The Spandex Spider

By on Dec 17, 2014 in Poetry

Spandex Spider hero superimposed over small apartment.

People don’t realize how lonely
the super-life can be.
No one to cook dinner
or wash your clothes
and your costume always
in constant need.

They don’t see the bruises,
the scrapes, the scars.
All they hear are the cheers,
even when they’re hissing
beneath their breath
without an ounce of fear.

They’ve never watched you eat
alone without a mask,
microwaving burritos
that taste like plastic ash,
never knowing your tongue
never quite escaped Dimension MAX.

They’ve never had to wake up
in a strange lair
with an atom-splitting headache,
trussed upside-down,
smelling of their own vomit
and hardly able to breathe
through a blood-caked sea.

They’ve never had to devise
escapes from nefarious plots,
or learn to make bail
without a valid ID,
or bunk overnight
in an unmarked cell
while trying to ignore the tales
of the latest Kevlar Clarabell.

They’ve never had to look up
and feel the responsibility
of an entire city bearing down
while their ears rang
and their web-shooters ran dry
and the memory of their mother yelled,
Why can’t you ever once be on time?

They just don’t know what it’s like,
and even if you could,
you wouldn’t tell them —
not about the ramen noodle feasts
or washing your mask in the kitchen sink.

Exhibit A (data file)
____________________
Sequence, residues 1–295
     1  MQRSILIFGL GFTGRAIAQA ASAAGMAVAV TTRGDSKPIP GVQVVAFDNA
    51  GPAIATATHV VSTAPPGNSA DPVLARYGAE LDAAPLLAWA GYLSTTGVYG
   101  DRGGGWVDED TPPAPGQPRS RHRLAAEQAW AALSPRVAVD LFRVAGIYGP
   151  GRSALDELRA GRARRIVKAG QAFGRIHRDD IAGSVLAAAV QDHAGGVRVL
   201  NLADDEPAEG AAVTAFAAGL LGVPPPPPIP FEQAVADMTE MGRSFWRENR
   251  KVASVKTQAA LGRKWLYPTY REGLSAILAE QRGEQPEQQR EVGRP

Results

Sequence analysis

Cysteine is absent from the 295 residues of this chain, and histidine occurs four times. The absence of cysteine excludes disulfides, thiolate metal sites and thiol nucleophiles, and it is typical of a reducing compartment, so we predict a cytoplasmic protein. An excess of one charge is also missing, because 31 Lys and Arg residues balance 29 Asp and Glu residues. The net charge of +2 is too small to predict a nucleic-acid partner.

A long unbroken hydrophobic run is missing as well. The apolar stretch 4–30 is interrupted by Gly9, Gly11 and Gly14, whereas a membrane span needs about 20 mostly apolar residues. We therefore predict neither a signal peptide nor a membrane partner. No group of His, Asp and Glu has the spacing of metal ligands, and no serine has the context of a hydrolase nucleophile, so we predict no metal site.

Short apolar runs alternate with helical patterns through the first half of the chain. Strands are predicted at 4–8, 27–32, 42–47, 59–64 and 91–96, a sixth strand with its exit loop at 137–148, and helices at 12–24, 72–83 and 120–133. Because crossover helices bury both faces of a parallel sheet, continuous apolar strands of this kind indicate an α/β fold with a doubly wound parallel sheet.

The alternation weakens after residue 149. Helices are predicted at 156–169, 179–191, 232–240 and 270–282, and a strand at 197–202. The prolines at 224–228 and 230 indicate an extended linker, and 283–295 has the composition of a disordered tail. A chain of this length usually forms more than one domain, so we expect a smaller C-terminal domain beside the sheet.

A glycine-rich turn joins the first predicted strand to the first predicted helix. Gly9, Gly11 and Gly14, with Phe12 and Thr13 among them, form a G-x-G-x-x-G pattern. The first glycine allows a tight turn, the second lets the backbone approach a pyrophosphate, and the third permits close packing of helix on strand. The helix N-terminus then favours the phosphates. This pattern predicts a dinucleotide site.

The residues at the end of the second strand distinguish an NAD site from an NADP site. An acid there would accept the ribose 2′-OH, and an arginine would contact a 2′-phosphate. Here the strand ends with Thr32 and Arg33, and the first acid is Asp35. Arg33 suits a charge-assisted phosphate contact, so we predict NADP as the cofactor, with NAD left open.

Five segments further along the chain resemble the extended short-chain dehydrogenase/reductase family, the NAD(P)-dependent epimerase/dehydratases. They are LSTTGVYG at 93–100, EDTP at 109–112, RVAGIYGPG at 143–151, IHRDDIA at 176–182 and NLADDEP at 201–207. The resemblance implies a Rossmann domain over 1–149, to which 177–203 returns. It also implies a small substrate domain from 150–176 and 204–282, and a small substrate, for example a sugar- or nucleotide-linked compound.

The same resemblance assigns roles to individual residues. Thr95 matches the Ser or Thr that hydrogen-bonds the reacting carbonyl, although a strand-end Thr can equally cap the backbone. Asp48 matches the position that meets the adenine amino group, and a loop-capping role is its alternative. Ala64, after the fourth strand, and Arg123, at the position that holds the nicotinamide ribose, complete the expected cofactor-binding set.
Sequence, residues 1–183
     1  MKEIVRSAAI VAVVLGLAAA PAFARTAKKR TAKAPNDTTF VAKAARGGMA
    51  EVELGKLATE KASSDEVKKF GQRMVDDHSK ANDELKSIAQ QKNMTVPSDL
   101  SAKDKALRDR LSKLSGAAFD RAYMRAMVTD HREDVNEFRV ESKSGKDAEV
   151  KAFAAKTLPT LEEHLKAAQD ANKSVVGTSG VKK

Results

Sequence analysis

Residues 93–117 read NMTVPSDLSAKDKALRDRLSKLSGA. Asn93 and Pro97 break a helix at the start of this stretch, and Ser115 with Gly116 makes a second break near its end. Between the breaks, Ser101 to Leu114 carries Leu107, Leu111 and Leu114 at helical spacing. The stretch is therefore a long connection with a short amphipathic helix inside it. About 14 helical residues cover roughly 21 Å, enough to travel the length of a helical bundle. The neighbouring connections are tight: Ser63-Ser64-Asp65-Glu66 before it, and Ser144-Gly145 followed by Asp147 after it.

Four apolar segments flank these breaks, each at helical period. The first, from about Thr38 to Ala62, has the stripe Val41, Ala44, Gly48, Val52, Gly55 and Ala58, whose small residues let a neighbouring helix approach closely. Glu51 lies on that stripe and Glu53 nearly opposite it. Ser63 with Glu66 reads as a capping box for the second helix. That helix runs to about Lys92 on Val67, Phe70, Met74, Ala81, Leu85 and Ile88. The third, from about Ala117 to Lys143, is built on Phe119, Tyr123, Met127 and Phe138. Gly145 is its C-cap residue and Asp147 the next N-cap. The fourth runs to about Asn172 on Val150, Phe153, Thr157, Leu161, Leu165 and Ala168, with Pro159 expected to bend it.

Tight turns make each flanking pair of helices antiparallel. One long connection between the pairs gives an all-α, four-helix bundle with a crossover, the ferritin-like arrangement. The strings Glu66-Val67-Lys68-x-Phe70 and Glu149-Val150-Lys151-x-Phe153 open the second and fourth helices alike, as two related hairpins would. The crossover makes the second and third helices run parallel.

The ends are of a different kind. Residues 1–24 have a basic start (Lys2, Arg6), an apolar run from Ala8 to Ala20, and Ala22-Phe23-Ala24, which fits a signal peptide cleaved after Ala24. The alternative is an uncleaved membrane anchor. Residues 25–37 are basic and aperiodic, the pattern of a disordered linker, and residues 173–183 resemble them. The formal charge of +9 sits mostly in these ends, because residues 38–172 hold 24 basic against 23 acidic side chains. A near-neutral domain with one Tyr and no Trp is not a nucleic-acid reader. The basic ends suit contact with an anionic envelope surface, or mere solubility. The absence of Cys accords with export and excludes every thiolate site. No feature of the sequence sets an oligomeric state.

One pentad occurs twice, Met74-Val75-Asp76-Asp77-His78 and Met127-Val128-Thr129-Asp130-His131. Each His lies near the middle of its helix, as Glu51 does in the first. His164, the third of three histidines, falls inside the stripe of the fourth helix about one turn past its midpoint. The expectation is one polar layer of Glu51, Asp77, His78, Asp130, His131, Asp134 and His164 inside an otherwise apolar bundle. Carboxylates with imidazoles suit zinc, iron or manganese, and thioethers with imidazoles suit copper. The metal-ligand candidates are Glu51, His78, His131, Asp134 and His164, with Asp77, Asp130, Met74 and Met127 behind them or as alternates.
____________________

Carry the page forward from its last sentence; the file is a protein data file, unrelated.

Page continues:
You’d let them think
you had a mansion uptown
and a girl from Models, Inc.

Because you are a super-hero
and without great power
what reason would you have
to believe our best intentions
are so much better than the greed
that is so often caught
betwixt the villainous webs

of you and me?


Jack Vian, 43, doesn't have a biography worth noting other than to say he was born in Texas and raised on comic books, sci-fi, and the worship of Elvis, Evel Knieval, and Star Wars. Between high school and adulthood he lost his way (literally as well as metaphysically) before returning to the Dharma, discovering his inner-yogi and remembering that with great power comes great responsibility. Today he continues to observe his durance while keeping faith with family and friends and seeking truth in word, thought, and deed. Some people call this literature. He has had work published in a variety of small journals, from Modern Haiku to War, Literature & The Arts. His work has most recently appeared in Rattle, Colere, Big Muddy and Gemini Magazine. He also has work forthcoming from about seven journals in 2014-15. You are welcome to contact him via e-mail.